Case Shows Role of Legal Exporters in Colombia’s Illegal Gold Trade

Posted on Jun 23 2014 - 9:30pm by Rico

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One of Colombia’s largest gold export companies is under investigation for money laundering and ties to narco-paramilitaries, shining a light on the key role of legal companies in the illegal mining trade.

According to a recent report by El Tiempo, 63 former associates, clients or employees of John Uber Hernandez Santa — the owner of Goldex, Colombia’s second largest gold export company — are currently under investigation for reporting false exports and laundering money.

Hernandez has admitted buying gold from ex-convict Jairo de Jesus Rendon Herrera, alias “German Monsalve,” brother of the founder of Colombia’s prinicpal criminal group the Urabeños, the now incarcerated Daniel Rendon, alias “Don Mario,” and former paramilitary leader Freddy Rendon Herrera, alias “El Aleman.” Hernandez told El Tiempo he purchased nearly $7 million in gold from Jairo Rendon and businesses linked to his family between 2007 and 2009, although he said Rendon had not been accused of any illegal activity at the time.

Hernandez claims he ended his business relationship with Rendon in 2009 when he found out about his ties to criminal activity. According to El Tiempo, the last month Goldex registered purchases from Rendon — July 2009 — was the same month in which Rendon handed himself in to authorities in the United States. Rendon later spent over two years in prison in the United States after being convicted of money laundering.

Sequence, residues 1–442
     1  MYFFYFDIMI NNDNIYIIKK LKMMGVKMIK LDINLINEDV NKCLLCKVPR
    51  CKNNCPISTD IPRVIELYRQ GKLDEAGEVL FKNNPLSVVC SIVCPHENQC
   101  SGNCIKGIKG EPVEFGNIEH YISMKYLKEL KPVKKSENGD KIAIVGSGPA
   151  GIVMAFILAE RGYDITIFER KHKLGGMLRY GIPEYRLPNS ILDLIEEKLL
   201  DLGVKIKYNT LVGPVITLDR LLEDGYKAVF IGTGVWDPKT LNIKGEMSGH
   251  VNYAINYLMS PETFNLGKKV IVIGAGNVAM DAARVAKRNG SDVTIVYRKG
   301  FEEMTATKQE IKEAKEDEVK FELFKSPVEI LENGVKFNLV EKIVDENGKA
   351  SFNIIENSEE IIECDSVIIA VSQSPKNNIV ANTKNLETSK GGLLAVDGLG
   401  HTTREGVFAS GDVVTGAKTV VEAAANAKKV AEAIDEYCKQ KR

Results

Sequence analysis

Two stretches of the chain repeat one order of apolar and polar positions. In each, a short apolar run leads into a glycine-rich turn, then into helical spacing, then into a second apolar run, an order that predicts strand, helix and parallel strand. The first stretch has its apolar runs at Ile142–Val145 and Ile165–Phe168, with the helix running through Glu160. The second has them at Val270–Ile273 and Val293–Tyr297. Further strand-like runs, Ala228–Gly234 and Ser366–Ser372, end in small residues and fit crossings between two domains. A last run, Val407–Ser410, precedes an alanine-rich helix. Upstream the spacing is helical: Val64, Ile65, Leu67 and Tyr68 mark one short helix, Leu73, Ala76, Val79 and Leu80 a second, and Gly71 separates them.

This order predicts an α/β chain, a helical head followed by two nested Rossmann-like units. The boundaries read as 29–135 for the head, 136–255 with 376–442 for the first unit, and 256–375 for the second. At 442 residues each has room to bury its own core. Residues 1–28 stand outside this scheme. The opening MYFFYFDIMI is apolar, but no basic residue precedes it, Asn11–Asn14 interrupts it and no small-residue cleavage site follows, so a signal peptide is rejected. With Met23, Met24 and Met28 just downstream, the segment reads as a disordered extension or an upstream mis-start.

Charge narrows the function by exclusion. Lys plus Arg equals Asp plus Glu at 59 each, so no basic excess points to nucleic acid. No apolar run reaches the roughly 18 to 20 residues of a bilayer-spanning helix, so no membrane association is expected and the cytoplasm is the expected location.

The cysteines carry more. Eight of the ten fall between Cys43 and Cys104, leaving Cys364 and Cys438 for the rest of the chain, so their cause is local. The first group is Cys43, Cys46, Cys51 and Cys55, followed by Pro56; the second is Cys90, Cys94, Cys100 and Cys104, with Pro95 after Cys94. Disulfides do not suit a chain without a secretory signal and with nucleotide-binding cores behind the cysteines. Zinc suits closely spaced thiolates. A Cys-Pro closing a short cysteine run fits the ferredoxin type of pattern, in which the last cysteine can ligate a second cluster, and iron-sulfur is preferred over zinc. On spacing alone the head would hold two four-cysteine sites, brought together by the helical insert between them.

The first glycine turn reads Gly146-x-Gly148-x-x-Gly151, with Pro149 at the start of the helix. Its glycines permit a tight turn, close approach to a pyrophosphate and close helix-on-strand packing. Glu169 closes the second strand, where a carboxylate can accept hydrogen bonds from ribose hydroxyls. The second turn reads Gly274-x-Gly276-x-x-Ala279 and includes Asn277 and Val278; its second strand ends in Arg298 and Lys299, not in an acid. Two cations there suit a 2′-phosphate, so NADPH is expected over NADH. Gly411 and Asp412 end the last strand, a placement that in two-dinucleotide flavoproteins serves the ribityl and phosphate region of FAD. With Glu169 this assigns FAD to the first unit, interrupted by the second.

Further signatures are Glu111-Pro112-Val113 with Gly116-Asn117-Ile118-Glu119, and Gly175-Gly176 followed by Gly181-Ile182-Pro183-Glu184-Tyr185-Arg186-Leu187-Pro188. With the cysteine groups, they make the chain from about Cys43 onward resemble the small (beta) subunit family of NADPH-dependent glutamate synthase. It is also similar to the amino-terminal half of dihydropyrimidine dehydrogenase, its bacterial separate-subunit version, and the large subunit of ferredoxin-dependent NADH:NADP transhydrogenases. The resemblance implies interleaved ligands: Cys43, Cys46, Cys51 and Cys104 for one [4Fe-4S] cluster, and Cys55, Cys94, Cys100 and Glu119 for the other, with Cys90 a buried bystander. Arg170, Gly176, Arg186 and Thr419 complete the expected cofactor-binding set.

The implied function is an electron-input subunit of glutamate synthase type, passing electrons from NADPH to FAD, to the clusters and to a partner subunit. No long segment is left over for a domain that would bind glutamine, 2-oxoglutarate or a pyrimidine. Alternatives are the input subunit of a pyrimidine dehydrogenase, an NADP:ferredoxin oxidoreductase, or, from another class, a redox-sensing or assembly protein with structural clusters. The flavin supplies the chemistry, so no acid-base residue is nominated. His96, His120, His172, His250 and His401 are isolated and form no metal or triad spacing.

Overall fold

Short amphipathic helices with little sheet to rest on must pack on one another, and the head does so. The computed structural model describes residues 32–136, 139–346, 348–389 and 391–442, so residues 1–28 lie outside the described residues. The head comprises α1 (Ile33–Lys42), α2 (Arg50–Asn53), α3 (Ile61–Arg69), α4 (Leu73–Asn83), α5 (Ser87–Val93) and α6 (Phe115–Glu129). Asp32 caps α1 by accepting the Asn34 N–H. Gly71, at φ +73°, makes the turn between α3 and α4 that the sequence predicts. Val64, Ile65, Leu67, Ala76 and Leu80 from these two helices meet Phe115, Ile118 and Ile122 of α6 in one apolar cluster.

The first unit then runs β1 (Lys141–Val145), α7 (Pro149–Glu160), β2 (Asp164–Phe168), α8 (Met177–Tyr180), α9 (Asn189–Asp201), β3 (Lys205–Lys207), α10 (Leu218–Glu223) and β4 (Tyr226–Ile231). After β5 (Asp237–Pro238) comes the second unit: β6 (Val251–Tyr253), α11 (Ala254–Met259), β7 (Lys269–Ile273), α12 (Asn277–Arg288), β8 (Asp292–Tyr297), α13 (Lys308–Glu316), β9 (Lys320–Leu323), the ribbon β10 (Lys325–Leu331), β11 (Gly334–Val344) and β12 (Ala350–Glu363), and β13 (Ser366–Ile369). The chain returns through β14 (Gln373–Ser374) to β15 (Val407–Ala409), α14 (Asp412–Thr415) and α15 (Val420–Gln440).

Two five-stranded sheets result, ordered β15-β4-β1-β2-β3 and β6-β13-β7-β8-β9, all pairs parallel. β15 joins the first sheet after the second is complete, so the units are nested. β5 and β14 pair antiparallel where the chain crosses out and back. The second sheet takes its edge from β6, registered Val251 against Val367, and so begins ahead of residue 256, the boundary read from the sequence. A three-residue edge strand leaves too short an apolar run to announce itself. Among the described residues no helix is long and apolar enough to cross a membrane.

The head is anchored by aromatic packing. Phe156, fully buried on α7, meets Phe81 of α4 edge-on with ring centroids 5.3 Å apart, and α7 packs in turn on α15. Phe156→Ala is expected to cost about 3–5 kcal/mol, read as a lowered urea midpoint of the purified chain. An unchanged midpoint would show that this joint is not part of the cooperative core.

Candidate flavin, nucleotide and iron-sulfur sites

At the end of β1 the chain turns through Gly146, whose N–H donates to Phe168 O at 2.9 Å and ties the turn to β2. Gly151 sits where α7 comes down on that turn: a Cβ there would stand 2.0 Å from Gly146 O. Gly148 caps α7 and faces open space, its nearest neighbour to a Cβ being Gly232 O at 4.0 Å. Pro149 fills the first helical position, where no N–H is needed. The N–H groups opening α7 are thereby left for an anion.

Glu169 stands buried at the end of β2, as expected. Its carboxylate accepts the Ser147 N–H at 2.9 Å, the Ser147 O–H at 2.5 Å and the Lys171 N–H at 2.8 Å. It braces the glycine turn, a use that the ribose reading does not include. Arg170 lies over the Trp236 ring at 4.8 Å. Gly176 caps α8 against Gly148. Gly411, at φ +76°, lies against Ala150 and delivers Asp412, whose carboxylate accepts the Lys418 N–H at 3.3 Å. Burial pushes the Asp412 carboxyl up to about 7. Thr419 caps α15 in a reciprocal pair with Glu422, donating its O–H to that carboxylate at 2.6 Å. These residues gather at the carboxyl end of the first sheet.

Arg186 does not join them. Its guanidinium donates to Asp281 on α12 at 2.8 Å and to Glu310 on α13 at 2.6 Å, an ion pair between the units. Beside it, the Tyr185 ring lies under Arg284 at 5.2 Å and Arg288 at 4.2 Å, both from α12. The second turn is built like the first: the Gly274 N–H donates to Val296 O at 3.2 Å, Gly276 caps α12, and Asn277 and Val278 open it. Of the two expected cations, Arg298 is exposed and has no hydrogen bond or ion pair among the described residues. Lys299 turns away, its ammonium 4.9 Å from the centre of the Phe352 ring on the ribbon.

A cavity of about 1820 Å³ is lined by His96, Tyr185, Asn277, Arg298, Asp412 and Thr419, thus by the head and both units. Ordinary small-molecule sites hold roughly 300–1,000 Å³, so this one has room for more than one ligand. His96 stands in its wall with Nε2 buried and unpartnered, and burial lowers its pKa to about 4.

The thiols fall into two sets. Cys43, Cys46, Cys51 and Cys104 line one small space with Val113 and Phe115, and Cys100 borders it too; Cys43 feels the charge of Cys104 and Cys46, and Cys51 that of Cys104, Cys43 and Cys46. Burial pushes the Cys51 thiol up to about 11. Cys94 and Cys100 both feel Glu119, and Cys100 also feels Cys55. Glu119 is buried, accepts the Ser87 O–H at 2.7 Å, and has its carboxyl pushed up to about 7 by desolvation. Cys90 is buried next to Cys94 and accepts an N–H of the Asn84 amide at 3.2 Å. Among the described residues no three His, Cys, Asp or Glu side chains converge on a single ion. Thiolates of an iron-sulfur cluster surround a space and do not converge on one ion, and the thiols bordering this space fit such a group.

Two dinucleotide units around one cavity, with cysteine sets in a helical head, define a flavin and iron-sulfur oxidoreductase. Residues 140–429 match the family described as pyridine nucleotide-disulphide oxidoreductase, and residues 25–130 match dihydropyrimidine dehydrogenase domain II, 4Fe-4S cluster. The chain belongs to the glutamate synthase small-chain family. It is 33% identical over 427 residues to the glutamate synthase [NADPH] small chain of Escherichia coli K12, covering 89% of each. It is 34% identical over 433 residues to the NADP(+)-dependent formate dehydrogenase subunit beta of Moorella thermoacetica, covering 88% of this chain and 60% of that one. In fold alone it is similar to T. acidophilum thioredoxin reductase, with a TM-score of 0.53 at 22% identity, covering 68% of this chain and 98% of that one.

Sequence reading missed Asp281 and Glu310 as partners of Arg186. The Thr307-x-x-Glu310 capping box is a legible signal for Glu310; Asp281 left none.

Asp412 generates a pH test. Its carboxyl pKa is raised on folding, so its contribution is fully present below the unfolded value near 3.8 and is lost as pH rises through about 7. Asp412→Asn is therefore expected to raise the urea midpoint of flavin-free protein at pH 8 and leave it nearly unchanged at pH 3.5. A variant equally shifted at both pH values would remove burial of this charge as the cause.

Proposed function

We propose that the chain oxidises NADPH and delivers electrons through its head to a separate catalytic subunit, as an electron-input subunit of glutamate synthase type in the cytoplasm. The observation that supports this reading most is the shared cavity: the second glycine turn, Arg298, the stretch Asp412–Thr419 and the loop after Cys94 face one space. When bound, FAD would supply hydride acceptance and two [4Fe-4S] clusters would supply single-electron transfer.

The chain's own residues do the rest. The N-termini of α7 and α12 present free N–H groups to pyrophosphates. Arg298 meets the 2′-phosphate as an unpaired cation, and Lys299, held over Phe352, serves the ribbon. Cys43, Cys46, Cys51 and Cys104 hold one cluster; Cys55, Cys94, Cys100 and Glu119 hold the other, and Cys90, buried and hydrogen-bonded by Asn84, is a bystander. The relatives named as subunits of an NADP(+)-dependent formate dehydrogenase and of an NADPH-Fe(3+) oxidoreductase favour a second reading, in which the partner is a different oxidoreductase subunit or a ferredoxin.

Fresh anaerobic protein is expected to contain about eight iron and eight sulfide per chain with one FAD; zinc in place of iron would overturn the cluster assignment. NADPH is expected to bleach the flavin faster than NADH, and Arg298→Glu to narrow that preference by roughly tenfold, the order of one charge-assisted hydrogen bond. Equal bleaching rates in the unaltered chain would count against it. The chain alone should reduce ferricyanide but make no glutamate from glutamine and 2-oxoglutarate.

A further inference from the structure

In September last year, WRadio reported Hernandez had been brought in for questioning over his company’s activities, but he told El Tiempo this was not the case and he had just been helping investigators with their enquires.

The gold industry plays an important role in Colombia’s criminal underworld, serving as both a source of funding for criminal groups and a means of laundering money. Illegal armed groups, including the Urabeños, are heavily involved in gold mining operations, exerting control in mining areas through extortion or by directly running operations in nearly half of Colombia’s municipalities.

Extracted gold is sold to exporters by “compras de oro” — gold buyers — many of which have been linked to money laundering. The export companies play a crucial role in the illegal mining chain by introducing the gold to the legal market, at which point its illegal roots become increasingly difficult to trace.

Money laundering through the gold industry often involves false accounts of exports, which have led to huge spikes in reported gold sales that do not appear to coincide with real extraction figures. Authorities believe the gold industry in Colombia has been used to launder a total of $4 billion.

Goldex has exported 40 tons of gold — worth approximately $1.3 billion — to the United States over the past five years, and if investigations into the company’s business dealings demonstrate criminal activity it could mark a major step towards tackling the role of legal exporters in laundering illegal gold.